September 20, 2015
Parents and caregivers are constantly exposed to misinformation from discredited studies and unreliable sources about the safety, efficacy and necessity of vaccines. The National Association of Pediatric Nurse Practitioners (NAPNAP) is concerned and disheartened about inaccurate comments made during the GOP debate last week that could potentially affect family decisions about administering vaccines to children. NAPNAP, along with many other healthcare professionals and organizations, publicly supports the scientific evidence of immunizing children according to the recommended schedule, on time, every time.
Evidence demonstrates that immunizing large groups eventually will eliminate the illness. Unfortunately, about 1 percent of children in the U.S. are not vaccinated, and epidemics such as the 2014-2015 measles outbreak result because of unvaccinated individuals. Measles, along with other infectious diseases, weaken the immune system, putting survivors at risk for other illnesses as well as significant complications. Infants are at the highest risk for vaccine preventable diseases and any attempt to delay immunizations or adopt an alternative schedule for this age group just increases the chance of death and disability.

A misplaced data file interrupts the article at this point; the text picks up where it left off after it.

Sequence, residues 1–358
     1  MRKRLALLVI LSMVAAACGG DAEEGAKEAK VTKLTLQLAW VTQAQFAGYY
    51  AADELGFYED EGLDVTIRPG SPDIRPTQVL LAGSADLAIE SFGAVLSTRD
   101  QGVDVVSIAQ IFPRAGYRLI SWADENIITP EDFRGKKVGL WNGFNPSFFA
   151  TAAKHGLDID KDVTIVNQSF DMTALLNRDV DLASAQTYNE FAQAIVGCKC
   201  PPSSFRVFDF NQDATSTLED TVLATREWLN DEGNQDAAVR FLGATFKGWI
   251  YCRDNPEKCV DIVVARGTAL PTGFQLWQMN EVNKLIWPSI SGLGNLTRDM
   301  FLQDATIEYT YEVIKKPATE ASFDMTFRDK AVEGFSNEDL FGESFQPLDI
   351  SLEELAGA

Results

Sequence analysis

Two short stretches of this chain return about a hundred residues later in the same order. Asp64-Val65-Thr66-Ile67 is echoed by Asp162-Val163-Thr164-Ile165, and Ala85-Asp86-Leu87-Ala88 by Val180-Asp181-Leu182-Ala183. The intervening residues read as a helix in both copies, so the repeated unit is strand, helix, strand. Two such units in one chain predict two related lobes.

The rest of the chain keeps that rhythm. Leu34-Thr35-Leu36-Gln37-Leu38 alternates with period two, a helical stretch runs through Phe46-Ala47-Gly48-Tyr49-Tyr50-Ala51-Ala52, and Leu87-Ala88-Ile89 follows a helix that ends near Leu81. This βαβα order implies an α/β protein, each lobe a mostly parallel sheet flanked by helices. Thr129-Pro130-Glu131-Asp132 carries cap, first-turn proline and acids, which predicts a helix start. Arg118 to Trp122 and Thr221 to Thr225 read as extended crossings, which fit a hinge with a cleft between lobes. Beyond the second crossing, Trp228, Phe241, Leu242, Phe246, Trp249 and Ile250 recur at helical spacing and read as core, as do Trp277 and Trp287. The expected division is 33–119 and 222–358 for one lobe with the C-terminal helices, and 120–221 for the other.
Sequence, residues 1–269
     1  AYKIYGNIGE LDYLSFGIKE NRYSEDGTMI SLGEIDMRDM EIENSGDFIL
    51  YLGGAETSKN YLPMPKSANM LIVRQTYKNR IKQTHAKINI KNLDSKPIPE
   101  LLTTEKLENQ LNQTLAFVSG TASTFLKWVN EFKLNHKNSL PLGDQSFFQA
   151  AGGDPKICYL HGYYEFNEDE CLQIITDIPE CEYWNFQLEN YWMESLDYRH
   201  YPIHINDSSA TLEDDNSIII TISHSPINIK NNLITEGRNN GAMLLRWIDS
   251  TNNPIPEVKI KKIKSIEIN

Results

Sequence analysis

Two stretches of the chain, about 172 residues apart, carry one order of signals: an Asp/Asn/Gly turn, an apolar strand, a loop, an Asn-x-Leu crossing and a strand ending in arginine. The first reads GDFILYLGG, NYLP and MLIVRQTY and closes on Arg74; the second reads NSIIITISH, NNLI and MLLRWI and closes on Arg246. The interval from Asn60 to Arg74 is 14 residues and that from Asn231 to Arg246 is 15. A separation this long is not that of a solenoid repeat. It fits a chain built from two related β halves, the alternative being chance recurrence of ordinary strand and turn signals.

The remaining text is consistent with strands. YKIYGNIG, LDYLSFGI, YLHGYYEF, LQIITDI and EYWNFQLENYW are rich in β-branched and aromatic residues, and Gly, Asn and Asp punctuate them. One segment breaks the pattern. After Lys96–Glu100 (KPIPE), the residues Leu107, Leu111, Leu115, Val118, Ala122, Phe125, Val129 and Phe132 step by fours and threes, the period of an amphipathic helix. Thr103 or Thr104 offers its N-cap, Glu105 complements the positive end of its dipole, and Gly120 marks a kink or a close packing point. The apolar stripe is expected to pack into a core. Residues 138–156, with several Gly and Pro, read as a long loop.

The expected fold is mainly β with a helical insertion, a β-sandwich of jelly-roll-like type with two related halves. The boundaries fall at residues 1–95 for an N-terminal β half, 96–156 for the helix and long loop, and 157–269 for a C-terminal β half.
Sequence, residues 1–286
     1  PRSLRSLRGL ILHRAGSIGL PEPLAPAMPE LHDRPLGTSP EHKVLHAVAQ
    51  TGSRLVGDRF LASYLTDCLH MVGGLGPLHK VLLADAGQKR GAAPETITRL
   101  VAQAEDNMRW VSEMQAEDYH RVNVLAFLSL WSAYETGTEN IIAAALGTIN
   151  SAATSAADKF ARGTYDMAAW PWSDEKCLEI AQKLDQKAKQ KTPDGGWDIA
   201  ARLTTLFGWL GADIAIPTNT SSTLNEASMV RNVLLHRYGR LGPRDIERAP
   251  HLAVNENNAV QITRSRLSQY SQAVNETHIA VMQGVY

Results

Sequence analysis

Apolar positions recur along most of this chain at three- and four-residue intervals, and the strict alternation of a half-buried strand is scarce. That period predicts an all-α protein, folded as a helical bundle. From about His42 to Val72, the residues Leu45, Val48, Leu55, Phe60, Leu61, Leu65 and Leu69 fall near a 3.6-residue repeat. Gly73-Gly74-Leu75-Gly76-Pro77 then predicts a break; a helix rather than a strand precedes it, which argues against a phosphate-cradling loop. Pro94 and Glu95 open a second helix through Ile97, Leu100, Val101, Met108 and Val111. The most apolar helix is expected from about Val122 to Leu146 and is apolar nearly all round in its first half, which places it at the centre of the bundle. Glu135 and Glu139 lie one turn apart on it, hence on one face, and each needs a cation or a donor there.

Advanced practice nurses who are educated pediatric specialists believe in holistic care of children and their families, which includes health promotion and disease prevention through the administration of vaccinations at their scheduled and appointed times. Pediatric nurse practitioners are on the front lines, administering vaccines to children in many settings, including offices, schools and hospitals.
NAPNAP fully supports the Advisory Committee on Immunization Practices (ACIP) immunization schedule, which is based on the best available science and is designed to protect children and adolescents when they are most at risk for vaccine preventable diseases. Study after study shows vaccines are safe and they work. Immunizations and the deaths and complications they prevent are the number one public health achievement of the 20th century.